HNLMS Sittard (M830)
International Call Sign: Papa-Alpha-Foxtrot-Uniform
Sittard is a Dokkum-class minesweeper from the mid-fifties which has served with the Royal Netherlands Navy for 40 years and is currently in use with the Harlingen Sea Cadets.
After the end of world war 2 there was a need for new minesweepers to help with clearing European coastal waters from the thousands of mines still left. Based on the design of the British Ton-class minesweepers, 16 Dokkum-class ships were built in various shipyards around The Netherlands. Sittard’s keel was laid down at Niestern Scheepsbouwunie in Hellevoetsluis on March 10 1955, she was launched on April 26 1956 and commisioned on December 19 the same year. Over the next forty years she had a varied career with the Royal Netherlands Navy, with numerous minesweeping operations, training exercises and several periods attached to NATO’s Standing Naval Force Channel. In 1969 Sittard received a visit from His Imperial Highness Prince Alexander Desta of Ethiopia and in the spring of 1978 she was involved in the search for a crashed F104 Starfighter.
During the mid-seventies the entire class, including Sittard, underwent a midlife modernization, which included among other items the installation of an enclosed bridge, improvements to the messrooms, toilets and showers and the installation of a new refrigeration plant. By the late eighties the ships of the class were starting to show their age, and as one of the six ships still remaining in active service, Sittard was given a life-extension update. This resulted in another change to the ship’s exterior, with the extension of the forward superstructure to make room for an additional four bunks. The galley was updated, all three auxiliary engines were replaced and larger bunks were built in the two main bunk rooms.
The end of Sittard’s career in the Navy came on December 13, 1996, when she was the last of the class to be decomissioned. This also made Sittard the last wooden-hulled warship in active service with the Royal Netherlands Navy. She was then laid up at the Naval Base in Den Helder for a year before being made seaworthy again by the navy, and on November 23, 1997 Sittard was transferred on long-term loan to the recently established Harlingen unit of the Dutch Sea Cadet Corps. Two years later the Sea Cadets formally took ownership of Sittard. She has served the Harlingen Sea Cadets ever since as a fully seaworthy training ship, taking cadets on training cruises throughout The Netherlands and to neigbouring countries. Every summer Sittard goes on a 10-day cruise with a crew of cadets aged 11 and onwards, supervised by a group of dedicated and experienced volunteers. In addition the cadets take her out on regular daytrips and weekend cruises during the summer season. Some particularly memorable summer cruises took Sittard and her crew to the UK (Great Yarmouth, Ipswich, Chatham), Germany (Borkum, Leer) and Zeebrugge in Belgium. On several occasions Sittard assisted the Harlingen-Hull-Harlingen sailing regatta as start and finish ship and in the spring of 2009 she sailed to Normandy to take part in the 65th D-Day commemoration.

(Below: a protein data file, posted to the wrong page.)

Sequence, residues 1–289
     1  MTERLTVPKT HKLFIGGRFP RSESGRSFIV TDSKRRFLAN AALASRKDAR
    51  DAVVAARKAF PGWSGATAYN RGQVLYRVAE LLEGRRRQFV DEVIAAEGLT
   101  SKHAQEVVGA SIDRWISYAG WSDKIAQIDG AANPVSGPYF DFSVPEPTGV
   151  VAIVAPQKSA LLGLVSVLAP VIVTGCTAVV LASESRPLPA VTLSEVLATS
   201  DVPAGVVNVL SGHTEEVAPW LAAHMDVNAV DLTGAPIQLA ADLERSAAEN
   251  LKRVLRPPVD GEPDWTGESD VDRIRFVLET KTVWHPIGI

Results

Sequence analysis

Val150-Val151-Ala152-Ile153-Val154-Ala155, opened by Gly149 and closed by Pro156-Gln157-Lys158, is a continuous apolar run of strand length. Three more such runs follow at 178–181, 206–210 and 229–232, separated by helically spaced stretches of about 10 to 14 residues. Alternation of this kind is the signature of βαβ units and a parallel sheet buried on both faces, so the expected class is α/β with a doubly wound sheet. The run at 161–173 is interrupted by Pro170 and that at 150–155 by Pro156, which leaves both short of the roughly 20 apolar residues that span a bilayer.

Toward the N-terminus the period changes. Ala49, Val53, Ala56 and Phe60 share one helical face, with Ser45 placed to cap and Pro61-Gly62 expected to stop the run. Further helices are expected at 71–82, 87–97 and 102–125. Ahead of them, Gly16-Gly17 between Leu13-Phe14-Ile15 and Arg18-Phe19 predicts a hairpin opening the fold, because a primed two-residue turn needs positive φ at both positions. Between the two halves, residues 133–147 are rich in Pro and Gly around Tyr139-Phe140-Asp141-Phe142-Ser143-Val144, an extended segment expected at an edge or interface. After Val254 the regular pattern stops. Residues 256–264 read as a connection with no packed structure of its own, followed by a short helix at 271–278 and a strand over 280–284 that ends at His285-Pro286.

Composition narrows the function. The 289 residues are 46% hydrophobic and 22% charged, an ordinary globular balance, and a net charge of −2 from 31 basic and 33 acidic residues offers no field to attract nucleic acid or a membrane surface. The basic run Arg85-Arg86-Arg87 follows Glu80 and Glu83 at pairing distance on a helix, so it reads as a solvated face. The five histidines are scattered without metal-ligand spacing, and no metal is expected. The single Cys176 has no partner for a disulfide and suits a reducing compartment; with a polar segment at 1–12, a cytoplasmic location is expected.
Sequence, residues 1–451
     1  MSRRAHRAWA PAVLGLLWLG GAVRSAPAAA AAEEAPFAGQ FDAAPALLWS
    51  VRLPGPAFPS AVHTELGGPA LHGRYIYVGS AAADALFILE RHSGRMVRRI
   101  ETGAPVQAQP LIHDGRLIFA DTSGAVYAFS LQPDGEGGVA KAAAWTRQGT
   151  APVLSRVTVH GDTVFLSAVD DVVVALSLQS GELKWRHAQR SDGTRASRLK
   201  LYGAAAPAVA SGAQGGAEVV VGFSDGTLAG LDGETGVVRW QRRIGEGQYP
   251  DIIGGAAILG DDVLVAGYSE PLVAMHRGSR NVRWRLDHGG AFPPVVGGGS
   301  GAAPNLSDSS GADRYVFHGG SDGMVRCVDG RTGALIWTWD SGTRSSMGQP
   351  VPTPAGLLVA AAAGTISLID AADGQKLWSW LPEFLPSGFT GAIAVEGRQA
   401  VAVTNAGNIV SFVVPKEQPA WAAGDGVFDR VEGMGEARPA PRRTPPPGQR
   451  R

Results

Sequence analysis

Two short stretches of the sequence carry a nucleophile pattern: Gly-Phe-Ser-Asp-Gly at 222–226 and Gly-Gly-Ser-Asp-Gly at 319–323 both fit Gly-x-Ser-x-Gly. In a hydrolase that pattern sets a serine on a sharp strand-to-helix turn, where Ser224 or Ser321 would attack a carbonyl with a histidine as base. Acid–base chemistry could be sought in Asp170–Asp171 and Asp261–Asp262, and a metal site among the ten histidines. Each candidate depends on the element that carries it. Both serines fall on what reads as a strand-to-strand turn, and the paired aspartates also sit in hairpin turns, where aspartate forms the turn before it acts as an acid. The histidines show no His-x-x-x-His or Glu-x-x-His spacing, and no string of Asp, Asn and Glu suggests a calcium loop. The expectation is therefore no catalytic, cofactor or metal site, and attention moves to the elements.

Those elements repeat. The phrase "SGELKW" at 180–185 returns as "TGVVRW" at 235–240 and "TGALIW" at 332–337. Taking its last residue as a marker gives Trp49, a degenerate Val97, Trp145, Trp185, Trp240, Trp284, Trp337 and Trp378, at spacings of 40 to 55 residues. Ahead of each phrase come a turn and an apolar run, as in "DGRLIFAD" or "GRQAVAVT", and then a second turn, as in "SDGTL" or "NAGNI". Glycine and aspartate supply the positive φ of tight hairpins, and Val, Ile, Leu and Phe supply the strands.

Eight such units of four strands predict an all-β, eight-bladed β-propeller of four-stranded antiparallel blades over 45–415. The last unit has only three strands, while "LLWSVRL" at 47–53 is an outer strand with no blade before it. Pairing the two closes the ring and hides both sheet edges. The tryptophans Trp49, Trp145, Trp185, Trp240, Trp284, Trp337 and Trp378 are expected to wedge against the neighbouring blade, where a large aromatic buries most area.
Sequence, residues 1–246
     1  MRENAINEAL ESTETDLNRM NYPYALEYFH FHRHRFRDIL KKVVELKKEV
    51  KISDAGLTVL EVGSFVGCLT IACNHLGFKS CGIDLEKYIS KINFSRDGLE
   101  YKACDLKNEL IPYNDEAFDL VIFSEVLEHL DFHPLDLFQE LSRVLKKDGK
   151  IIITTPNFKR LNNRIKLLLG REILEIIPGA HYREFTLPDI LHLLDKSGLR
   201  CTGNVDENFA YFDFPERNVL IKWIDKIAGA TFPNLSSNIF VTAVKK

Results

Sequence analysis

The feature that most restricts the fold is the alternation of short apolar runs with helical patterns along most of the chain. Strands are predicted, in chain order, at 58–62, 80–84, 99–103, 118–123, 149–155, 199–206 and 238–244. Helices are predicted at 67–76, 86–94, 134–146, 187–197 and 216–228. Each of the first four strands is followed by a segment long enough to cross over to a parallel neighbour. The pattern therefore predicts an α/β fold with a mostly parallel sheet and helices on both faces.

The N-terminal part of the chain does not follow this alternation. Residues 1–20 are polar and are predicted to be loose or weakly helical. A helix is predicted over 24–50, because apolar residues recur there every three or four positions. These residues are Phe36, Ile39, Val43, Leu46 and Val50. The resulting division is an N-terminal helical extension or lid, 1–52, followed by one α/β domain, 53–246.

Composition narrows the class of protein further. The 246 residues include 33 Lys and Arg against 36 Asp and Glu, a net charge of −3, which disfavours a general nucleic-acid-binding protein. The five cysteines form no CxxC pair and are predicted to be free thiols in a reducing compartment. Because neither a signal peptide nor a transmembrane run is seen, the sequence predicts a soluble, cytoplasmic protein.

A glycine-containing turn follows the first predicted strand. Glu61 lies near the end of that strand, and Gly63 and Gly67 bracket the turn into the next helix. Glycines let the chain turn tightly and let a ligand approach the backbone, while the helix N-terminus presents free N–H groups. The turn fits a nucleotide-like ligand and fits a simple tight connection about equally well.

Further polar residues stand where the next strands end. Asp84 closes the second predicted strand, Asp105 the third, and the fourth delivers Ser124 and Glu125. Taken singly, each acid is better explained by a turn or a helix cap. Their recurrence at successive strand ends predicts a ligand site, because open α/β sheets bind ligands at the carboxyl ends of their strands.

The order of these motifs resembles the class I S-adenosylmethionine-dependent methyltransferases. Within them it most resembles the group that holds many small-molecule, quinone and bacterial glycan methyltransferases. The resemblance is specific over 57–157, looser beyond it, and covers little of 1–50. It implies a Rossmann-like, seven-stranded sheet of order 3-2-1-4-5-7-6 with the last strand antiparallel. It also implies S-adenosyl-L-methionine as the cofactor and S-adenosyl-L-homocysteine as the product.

After years of service for the Sea Cadets, the link to the Royal Dutch Navy was partly restored when in July 2015 she became one of the founding participants in the platform “Varend Erfgoed Koninklijke Marine”, or “Sailing Heritage Royal Netherlands Navy”. She is currently being transferred to a separate foundation that will preserve her and keep her seaworthy and available for the Sea Cadets, while striving to restore her and maintain her original appearance where possible. She is maintained and sailed by a dedicated crew of volunteers and cadets, who will make sure Sittard will inspire young people to choose a seafaring career for many years to come.